MindBody Connection

Web site to connect researchers, patients






The Center for Mind/Body Research
is a new online resource that serves as a gallery for investigations into mind/body interactions.




More rapid communication of research findings across disciplines could result in a faster translation of those findings into patient treatment.



Depression is a risk factor for diabetes

Depressed patients with diabetes are twice as likely to develop serious complications, including heart attacks

Depressed heart attack patients are more likely to have a second heart attack and to die from their disease

Findings like these come as no surprise to researchers Ray E. Clouse, MD, and Patrick J. Lustman, PhD, longtime collaborators who have focused their careers on defining the connections between mental and physical health.

“Ten to 15 years ago, we had to sit on the fact that we had already observed that depression, when we took medical histories, preceded the onset of diabetes,” says Clouse, professor of medicine and of psychiatry. “At that time, many physicians would say, ‘You’d be depressed too if you had diabetes.’ We began to write about the issue and eventually, more studies confirmed that depression is indeed a risk for the development of diabetes.”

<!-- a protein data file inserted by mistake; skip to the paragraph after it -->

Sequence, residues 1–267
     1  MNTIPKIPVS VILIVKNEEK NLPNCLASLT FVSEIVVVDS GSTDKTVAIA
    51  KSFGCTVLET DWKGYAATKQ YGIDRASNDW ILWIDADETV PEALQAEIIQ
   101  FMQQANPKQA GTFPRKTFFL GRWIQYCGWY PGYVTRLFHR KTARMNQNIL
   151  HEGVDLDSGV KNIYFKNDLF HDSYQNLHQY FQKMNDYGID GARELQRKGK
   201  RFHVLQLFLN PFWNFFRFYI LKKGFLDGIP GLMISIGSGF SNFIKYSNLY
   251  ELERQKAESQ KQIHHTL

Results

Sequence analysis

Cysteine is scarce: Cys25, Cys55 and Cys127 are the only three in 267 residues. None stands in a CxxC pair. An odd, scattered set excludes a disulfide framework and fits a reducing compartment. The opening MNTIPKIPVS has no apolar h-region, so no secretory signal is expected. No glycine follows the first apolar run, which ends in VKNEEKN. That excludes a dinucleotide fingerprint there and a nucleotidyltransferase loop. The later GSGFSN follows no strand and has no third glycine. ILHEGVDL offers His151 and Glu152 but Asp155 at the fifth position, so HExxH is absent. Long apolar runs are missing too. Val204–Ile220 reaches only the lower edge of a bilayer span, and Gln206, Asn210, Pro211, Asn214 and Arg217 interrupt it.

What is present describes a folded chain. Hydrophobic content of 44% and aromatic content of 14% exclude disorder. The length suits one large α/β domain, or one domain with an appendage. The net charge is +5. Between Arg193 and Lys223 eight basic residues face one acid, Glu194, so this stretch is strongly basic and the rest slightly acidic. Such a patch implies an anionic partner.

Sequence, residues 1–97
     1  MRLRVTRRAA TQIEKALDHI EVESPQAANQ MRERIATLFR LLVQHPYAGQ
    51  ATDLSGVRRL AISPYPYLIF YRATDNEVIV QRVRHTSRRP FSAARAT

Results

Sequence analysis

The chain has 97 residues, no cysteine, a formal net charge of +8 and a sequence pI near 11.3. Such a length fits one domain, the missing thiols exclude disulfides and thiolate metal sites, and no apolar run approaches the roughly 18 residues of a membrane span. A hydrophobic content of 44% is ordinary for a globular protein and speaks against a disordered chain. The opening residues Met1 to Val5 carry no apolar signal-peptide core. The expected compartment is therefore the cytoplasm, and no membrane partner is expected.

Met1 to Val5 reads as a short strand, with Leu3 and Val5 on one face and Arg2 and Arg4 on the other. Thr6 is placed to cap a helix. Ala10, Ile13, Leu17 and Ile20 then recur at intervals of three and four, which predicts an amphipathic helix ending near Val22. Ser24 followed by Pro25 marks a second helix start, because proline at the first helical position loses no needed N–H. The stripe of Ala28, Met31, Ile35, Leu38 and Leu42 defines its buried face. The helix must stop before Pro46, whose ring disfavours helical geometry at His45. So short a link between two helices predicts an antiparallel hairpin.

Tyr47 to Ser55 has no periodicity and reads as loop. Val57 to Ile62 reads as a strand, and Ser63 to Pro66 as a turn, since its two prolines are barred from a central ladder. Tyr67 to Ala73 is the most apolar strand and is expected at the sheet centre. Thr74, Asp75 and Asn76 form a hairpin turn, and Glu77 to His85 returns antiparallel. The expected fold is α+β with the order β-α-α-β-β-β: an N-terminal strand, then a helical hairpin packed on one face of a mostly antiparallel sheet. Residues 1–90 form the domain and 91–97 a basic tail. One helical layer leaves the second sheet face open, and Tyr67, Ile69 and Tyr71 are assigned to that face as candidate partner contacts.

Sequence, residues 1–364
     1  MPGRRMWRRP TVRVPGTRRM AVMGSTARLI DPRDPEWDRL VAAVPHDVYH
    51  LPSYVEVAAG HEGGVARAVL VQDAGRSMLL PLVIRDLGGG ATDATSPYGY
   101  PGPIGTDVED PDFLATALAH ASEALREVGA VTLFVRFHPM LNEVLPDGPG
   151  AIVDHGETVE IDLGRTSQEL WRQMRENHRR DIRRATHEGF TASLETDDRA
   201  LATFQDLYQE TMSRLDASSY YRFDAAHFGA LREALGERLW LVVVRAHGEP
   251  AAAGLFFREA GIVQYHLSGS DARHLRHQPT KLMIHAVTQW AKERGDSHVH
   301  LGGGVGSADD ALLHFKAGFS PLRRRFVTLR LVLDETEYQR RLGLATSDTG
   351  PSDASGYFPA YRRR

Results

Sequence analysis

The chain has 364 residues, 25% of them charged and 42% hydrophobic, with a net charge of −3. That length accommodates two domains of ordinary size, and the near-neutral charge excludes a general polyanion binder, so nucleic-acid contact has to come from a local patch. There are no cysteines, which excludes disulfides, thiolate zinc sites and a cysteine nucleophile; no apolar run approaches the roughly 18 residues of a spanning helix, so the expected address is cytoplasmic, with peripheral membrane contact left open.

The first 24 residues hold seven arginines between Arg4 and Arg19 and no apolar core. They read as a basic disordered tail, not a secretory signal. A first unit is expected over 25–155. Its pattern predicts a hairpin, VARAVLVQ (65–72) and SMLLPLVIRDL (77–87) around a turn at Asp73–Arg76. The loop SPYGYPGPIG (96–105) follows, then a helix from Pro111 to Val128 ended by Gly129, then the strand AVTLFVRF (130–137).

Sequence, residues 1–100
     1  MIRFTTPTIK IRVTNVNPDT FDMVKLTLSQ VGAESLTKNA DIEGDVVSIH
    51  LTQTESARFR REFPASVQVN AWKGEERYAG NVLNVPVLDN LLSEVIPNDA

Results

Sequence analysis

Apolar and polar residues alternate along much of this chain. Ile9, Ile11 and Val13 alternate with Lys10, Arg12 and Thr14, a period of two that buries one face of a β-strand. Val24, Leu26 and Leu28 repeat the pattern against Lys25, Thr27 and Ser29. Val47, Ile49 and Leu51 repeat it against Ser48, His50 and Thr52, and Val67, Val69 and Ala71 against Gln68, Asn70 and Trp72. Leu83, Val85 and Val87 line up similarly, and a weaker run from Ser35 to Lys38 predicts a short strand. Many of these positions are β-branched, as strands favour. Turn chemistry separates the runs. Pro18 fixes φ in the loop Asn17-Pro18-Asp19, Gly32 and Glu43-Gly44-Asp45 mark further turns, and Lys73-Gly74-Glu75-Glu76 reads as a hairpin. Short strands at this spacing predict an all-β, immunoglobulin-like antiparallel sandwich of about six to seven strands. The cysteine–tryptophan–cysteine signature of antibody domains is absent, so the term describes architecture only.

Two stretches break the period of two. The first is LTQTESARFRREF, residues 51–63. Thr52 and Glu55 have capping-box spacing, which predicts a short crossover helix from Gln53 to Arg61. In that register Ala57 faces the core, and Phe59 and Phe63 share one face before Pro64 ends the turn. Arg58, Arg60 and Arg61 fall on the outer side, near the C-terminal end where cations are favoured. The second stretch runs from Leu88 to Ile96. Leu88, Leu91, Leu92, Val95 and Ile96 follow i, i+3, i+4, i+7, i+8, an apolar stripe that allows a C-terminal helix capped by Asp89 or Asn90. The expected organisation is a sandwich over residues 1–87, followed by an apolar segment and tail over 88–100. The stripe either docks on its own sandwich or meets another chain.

And it’s not just diabetes. Ongoing investigations at Washington University are studying how mental health can affect outcomes for patients with heart disease, chronic pain, gastrointestinal disorders, neurologic diseases, and even AIDS and cancer.To raise awareness about the scope and volume of mind/body research under way at Washington University, Clouse and Lustman, professor of psychiatry, have created and are co-directors of the Center for Mind/Body Research, a new online resource designed to connect scientists involved in this research.

Together with Kenneth E. Freedland, PhD, and Robert M. Carney, PhD, both professors of psychiatry, the investigators form the core of a group that has been studying the interaction of psychiatric and medical disorders for more than two decades.